Double Eagle sparks Nottingham at Tennessee Amateur
William Nottingham (L) is tied with Lee Maxwell (R) at 5 under<br>(TGA photo)
William Nottingham (L) is tied with Lee Maxwell (R) at 5 under
(TGA photo)

NASHVILLE, TENN (August 8, 2017) - When asked how he played after entering the scoring tent Tuesday morning following his opening round at the 102nd Tennessee State Amateur, Lee Maxwell was honest, “I tore it up out there,” Maxwell said.

The scorecard Maxwell turned in shortly afterwards backed up his statement. The Tennessee Tech alum started on No. 10 and made the turn at four-under-par after a clean first nine featuring four birdies. Maxwell made his first, and only, bogey of the day on No. 2, but found birdies on Nos. 4 & 7 to finish with a five-under-par 67. “I even left a few out there,” Maxwell said when reflecting on the opening round.

William Nottingham, who also started on No. 10, got off to a quiet one-under start through nine holes. There was nothing quiet about how Nottingham started his second nine. The Clemson sophomore holed out with a 4-iron from 210 yards on No. 1 for his first ever albatross. “I couldn’t see it go in, but Chase Roswall’s parents started cheering so I figured it went in,” Nottingham said.

Remarkably, Nottingham followed up his double-eagle with a birdie on the par 3 second hole, meaning he played the first two holes in four strokes, and four-under-par. Things calmed down for the three-time TGA champion who finished five-under-par to tie for the lead. Jack Rhea is just one shot behind the leaders after a four-under-par 68.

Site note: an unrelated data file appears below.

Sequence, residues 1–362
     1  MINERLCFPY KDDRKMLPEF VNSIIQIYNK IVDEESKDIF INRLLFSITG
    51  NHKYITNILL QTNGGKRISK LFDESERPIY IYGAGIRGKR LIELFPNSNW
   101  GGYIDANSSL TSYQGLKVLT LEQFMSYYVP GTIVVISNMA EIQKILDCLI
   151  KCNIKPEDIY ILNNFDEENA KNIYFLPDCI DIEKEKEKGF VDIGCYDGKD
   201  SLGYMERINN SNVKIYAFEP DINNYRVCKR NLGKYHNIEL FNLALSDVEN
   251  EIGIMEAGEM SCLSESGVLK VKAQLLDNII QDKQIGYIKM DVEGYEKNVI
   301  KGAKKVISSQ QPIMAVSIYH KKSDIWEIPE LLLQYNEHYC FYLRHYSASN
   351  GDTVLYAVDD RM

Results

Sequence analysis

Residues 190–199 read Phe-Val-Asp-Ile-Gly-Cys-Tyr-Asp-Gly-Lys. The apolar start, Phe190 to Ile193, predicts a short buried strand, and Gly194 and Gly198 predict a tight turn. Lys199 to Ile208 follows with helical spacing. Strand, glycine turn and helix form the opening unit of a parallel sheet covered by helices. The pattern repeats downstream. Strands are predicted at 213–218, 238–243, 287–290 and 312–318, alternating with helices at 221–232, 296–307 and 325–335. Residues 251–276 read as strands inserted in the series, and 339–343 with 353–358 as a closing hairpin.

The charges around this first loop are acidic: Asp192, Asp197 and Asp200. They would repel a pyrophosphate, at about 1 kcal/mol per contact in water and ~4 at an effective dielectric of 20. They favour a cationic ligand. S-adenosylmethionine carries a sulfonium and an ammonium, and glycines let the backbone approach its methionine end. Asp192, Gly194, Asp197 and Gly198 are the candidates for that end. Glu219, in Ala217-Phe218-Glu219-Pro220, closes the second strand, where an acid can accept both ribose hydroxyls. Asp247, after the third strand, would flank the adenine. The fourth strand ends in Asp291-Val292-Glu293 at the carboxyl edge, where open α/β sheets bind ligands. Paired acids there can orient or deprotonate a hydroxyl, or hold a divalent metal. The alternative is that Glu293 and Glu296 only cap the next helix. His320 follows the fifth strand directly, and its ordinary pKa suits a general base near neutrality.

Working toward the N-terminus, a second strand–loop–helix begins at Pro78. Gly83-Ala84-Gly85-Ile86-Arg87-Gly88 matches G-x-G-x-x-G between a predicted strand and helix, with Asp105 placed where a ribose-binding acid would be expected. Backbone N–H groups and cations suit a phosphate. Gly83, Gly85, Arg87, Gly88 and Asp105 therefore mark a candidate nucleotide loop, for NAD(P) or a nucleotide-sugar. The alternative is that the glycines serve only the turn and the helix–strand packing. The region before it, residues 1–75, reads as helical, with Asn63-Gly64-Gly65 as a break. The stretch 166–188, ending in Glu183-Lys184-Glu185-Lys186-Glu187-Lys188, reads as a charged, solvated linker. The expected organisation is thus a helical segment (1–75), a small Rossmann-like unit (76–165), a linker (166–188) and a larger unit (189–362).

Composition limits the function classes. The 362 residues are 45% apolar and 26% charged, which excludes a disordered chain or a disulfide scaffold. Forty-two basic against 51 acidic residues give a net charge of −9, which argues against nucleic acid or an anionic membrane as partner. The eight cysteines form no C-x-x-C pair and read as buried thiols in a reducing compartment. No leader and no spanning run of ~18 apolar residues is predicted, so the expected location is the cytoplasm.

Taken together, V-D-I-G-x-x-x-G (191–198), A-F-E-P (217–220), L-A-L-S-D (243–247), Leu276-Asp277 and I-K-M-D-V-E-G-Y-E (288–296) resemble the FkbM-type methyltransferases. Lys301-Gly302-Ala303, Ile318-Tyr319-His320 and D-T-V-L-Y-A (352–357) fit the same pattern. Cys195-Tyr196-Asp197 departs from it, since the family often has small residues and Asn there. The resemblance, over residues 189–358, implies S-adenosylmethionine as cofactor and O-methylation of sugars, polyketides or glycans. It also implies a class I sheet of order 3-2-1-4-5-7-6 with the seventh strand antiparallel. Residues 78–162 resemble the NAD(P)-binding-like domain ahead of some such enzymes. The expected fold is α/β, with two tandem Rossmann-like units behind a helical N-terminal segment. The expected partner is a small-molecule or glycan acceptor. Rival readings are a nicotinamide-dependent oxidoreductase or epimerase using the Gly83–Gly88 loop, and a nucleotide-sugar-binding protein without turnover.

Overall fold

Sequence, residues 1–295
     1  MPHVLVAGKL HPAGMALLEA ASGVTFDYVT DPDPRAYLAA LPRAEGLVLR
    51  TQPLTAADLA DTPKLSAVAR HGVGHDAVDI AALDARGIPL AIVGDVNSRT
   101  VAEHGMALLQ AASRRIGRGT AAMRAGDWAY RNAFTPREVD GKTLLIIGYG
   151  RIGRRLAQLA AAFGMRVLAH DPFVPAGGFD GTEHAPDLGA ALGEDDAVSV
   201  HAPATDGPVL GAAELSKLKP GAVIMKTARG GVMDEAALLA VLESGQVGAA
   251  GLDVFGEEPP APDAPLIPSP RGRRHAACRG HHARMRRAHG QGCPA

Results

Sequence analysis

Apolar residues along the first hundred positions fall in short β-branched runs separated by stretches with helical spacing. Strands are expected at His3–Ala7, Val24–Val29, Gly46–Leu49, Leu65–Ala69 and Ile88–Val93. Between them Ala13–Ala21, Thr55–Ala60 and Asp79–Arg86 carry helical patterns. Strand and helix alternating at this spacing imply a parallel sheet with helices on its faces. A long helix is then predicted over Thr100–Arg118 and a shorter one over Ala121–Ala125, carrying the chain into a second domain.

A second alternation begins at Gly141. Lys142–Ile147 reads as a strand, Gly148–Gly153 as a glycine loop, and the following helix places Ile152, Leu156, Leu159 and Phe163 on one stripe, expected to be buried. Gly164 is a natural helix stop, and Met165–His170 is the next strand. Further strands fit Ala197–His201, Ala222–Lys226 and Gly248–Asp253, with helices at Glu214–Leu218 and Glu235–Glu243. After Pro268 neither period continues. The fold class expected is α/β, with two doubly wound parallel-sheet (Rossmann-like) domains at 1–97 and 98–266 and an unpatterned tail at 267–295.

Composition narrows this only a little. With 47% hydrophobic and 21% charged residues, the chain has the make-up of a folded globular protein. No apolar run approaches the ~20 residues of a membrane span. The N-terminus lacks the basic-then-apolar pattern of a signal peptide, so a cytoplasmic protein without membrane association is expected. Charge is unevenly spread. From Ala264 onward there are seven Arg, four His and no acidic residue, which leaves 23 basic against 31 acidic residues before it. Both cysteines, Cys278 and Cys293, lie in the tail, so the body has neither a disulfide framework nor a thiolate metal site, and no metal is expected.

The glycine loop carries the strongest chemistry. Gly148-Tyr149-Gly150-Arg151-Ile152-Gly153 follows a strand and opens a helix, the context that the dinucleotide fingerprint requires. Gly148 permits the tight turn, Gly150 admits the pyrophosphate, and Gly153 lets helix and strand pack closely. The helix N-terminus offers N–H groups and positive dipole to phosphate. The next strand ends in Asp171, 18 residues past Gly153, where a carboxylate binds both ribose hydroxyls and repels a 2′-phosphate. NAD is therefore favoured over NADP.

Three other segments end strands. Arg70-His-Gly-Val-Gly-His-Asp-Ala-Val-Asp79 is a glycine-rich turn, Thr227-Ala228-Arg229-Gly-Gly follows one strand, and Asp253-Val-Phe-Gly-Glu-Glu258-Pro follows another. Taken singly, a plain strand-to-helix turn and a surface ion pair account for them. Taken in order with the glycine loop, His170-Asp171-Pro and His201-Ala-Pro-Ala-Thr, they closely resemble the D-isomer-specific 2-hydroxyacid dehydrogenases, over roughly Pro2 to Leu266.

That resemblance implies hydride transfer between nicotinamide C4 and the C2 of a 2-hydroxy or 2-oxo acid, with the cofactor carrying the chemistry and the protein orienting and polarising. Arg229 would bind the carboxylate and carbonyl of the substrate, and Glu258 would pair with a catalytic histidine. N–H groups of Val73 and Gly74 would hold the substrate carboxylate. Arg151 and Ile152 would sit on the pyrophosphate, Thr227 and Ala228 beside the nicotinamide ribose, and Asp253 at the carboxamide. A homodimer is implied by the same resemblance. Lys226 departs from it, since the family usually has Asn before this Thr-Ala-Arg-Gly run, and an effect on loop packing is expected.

When Chase Roswall signed his name on the dotted line, he made a commitment to play golf in college, and he made a commitment to himself. “My motivation is coming from the fact that I'm about to start the next chapter of my life playing for UT,” Roswall said. Back in June, Roswall entered the 17thTennessee Match Play Championship fresh off of high school graduation. After a four-over-par 76opening round, Roswall found his rhythm. A six-under-par 66 got the Tennessee commit into the match play bracket, eventually claiming his first TGA Championship. “Once I signed my national letter of intent, I made the promise to myself to give it my all and it's starting to pay off,” Roswall said. Rather than filling his schedule with junior events, Roswall made the conscious decision to challenge himself against tougher fields full of experienced amateurs.

Roswall teamed up with his future Volunteer teammate Spencer Crossin July for the 47th Tennessee Four-Ball Championship. The two high school graduates developed great chemistry throughout the week. Roswall made a 40-foot birdie putt on No. 18 to win the Four-Ball, giving Roswall his second championship of the summer. “I have so much confidence from these two wins, I do believe that I have the ability to compete with the best at this stage,” Roswall said. Unlike the match play, Roswall has a pair of wins in his back pocket entering the state amateur, “I think there is a huge advantage in going into a tournament after having a win,” Roswall said.

In order for Roswall to come away with a third TGA Championship, he is going to have to beat a handful of future teammates. Roswall’s four-ball partner, Cross, will tee it up at Belle Meade Country Club, in addition to current Volunteers Nolan Ray, Hunter Wolcott, and Brayden Garrison.

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ABOUT THE Tennessee State Amateur

Applications are open to amateurs who possess an active USGA/GHIN Handicap Index of 8.0 or less from a TGA member club or course. An 18-hole stroke play qualifier is required for those who do not meet the exemption criteria. Format consists of 72 holes of stroke play with a cut to the low 60 and ties after the second round.

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